GIS Maps and Data
Rain Gauge Data
Blue Notes Newsletter
Blue Notes Newsletter Sign-up
What We Do
Managing Water on Your Property
What You Can Do
Become a Fresh Coast Guardian
Home HazMat Collection
Water Drop Alert
What Not to Flush
Construction and CAD Standard Documents and Special Bid Attachments
Events & Outreach
Contract Compliance Login
Government & Business
Community Exchange (Document Repository)
Rules & Regulations
Dentist Offices & Mercury
Private Property I & I
Industrial Waste & Pretreatment
Industrial Honor Role
Total Maximum Daily Loads (TMDL)
2020 Water Quality Initiative
State Of The Art Report
2020 Facilities Plan Reports
2020 Plan - Addendum 1
2020 Plan - Treatment Report
2020 Plan - Conveyance Report
2050 Proposed Facilities Plan
News and Resources
Blue Notes Sign-Up
Education and Outreach
Advances in technology can save you big money when it comes to fixing old sewer laterals (the pipe you own in your front yard). Compared to traditional repairs where they have to dig up your yard, newer techniques can cost 50% less. Cracked and leaky laterals increase the risk of basement backups for you and your neighbors. They also can lead to expensive plumbing bills when the pros have to come over to clean out a clogged pipe that’s causing sewer water to make a mess in your basement.
SEWER REPAIR THE NEW WAY
Unless you have a collapse or catastrophic failure in your lateral, you most likely can add decades of extra life to it with something called a liner. Think of it as a big sock that gets pulled through the old pipe and with special hardening agents applied, solidifies into a finished product that has the thickness and strength of a new pipe. The final product is one continuous pipe, free of joints and cracks that allow tree roots to grow into the pipe, one of the biggest problems most homeowners experience. 90% to 95% of the time, the workers don’t even have to come into your house.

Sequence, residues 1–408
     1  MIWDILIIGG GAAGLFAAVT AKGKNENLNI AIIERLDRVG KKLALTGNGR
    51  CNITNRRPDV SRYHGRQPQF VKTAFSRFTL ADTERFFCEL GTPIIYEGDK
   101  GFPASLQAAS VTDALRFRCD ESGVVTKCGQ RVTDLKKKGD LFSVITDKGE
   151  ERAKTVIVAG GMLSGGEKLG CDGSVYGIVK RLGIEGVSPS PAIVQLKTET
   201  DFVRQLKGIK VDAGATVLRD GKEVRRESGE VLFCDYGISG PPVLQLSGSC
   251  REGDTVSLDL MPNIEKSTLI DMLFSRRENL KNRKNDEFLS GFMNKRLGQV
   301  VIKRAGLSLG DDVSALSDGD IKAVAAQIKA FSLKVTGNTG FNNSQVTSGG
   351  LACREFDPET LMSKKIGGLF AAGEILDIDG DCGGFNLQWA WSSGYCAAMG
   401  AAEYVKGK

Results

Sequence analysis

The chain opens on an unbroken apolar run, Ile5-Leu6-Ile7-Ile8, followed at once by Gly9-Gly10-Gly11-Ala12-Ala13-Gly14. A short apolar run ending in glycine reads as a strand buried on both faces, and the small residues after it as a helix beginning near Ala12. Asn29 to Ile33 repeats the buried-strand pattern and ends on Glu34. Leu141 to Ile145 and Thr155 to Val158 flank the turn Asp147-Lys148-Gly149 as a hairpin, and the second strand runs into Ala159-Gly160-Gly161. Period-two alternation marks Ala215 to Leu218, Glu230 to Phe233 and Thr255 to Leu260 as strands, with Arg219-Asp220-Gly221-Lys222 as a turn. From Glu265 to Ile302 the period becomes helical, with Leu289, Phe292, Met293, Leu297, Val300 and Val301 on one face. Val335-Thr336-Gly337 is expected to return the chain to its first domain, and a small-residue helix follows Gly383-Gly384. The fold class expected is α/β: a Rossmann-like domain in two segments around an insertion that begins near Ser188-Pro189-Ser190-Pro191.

Here’s a condensed version of how the process works.
A powerful vacuum truck eats up just enough dirt to expose your lateral where it comes out of the house.
There’s no other digging required. Workers then connect a cleanout to your existing sewer pipe.
Your lateral is premeasured to get an exact fit for the “sock” or liner (the white tube shown below to the left) and a polymer is added to the inside of the liner.
The new liner is then pulled into a protective sleeve (the yellow, firehose-looking tube stretched out the back of the trailer).
Workers lower the tubes into the municipal sewer in the street and then pull them to your lateral with a machine.
High pressure air blows the liner out of the protective sleeve and into your lateral, inverting the liner so the hardening agent is on the outside of the liner.
Air pressure inside the liner ensures that the liner presses snuggly against the existing lateral and steam cures the hardening agent.
The white inner ring is what the finsihed liner product looks like once it is cured or hardened. The outer green ring represents the existing lateral.